Why is live music so important now, when they are very sick? A few reasons... First, when an individual's health declines to the point of needing total care they are often with others who are in a similar state of declined health, e.g., those in a dedicated Alzheimer's facility or unit. Here, most are non-responsive and/or very confused. This situation often dictates that low level or very limited stimulation is prevalent. So here they are, sick, confused, not at home, living with strangers and functioning lower than any time in their lives. They have less opportunities to engage productively with others and be stimulated when, ironically, they need it the most. And second, with low level or very limited stimulation, individuals have little motivation to think, remember, talk, sing, smile and engage, all of which can be triggered by the live music that they know and love. I know it is often easier engaging higher functioning clients in music therapy but again, it is important and can be so enriching for those who are in poor health and despair.

My prescription this week??? Go out of your way to provide very sick, low functioning, even non-responsive individuals with live music, tailored to their needs and background. Positive stimulation is rare for them now, and they really need it. Remember that live music that we can surround them with is at the very least comforting and at most, spiritual.

And don't forget about Video Guitar Lessons for Music Therapy Students (and others of course). The new site is GUITARplayLIKEaPRO.com.

And musicfromthestart.com is still progressing nicely. Right now there are three offerings, i.e., two music albums available, David's Basics in Education and Lyrical Imagery and one educational lecture titled The Purposeful Use of Music From Pregnancy Through Toddlerhood (including Labor and Delivery). The second album, Lyrical Imagery, and the childbirth lecture are a free download for the time being.

As a reminder the main thrust of the music therapy/childbirth lecture is to support moms (and dads) as they put together their own music listening playlists or CDs to support rhythmic breathing, act as a positive diversion from pain and stress, etc., to be used during labor and delivery.
Also, I'm in the middle of recording my second music album. This is music for (early)
child development, autism and special needs. Another reminder, one song, “High 5,” from David's Basics in Education (music album #1) is still a free download for a limited time.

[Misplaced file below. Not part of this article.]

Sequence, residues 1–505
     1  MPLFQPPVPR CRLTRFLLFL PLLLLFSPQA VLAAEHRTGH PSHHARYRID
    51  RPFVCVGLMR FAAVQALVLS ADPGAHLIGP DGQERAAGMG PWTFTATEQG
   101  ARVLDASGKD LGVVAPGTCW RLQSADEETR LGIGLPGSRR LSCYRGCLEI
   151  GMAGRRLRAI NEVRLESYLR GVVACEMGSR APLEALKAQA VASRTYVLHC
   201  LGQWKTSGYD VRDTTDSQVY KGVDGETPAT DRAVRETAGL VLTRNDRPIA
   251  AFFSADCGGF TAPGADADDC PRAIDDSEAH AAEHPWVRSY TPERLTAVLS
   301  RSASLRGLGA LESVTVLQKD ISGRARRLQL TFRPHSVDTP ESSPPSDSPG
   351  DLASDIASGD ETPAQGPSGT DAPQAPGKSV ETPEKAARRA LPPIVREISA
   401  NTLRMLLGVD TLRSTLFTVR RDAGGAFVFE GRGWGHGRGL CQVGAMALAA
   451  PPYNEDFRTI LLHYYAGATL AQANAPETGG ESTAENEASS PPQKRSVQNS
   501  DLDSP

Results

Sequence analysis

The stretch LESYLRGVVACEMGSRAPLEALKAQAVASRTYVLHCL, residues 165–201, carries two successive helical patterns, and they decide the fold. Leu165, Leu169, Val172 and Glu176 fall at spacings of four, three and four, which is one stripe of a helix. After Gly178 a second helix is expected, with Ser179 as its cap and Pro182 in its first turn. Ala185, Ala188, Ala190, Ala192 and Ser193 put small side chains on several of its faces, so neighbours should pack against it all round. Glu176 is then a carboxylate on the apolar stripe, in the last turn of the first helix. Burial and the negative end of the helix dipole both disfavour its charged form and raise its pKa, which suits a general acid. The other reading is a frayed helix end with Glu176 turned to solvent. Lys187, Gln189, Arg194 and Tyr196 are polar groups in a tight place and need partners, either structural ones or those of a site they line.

In upcoming posts I will continue with other music therapy/musicianship/health and wellness related blog posts.

Please share with your students, interns and colleagues, like us on Facebook  and follow us on Twitter ... Thanks

Friday, May 30, 2014

Why Musicianship???

Thanks for visiting musicfromthestart.com topics and conversations. Here I want to address music therapy issues and concepts as they relate to education, musicianship and health and wellness.


In the past I've done blog posts with the theme “Why Music?” For this post I'd like to speak to music therapy (MT) students about playing guitar and musicianship and pose the question “Why Musicianship?” Actually, it's for anyone wanting to raise their level of guitar playing and musicianship, including beginners, entertainers and music teachers.



In one of the guitarplaylikeapro.com opening videos I speak of a hospice family where the son told me that “over the past many months the only joy my mom has experienced was during the music therapy sessions...” The patient was a piano player who loved church music and popular music of “her day,” i.e, music from the 1930s-50s. In the video I went on to say that if I was not a competent musician those times would not have been possible. Similarly, this past week, I realized that on Wednesday alone I had played on my guitar classical music by Matteo Carcassi, Let It Go from the hit movie Frozen and had to learn Needle And The Damage Done by Neil Young for an song writing project (not to mention all the music styles in between that I played for other MT work that day). The point is NOT to alarm you if, at this time, your repertoire is small and/or you knowledge of various styles of music is limited. The point is that you are aware of your limitations and that, over time, you continuously work on expanding your knowledge and repertoire. Know that I did not wake up one day with all of this covered. I've been playing guitar professionally since 1980. But that lets me now share with you the benefits of an expanded repertoire, knowledge of various styles, etc...



Those benefits are:



Job Satisfaction. As a music therapist in private practice I love working with various populations. My hospice works lets me play wonderful popular and church music by the worlds best composers as well as being able to engage in song writing/recording projects with patients and families. Also my hospice work allows me to write music for clinical purposes such as pain management and relaxation. My Autism school work gives me the opportunity to write and record music with specific educational and developmental goals to complement what the teachers provide. And I love to write this music in the styles of today's popular music. My adolescent psychology work keeps me up on popular music as well as getting to play classic rock music. Those are some scenarios that I get a lot of satisfaction from, and that is just speaking about playing guitar. I'll blog another time regarding the interesting and exciting work that is involved when I and other music therapists engage in educational presentations, research, treatment team meetings, teaching, counseling, etc.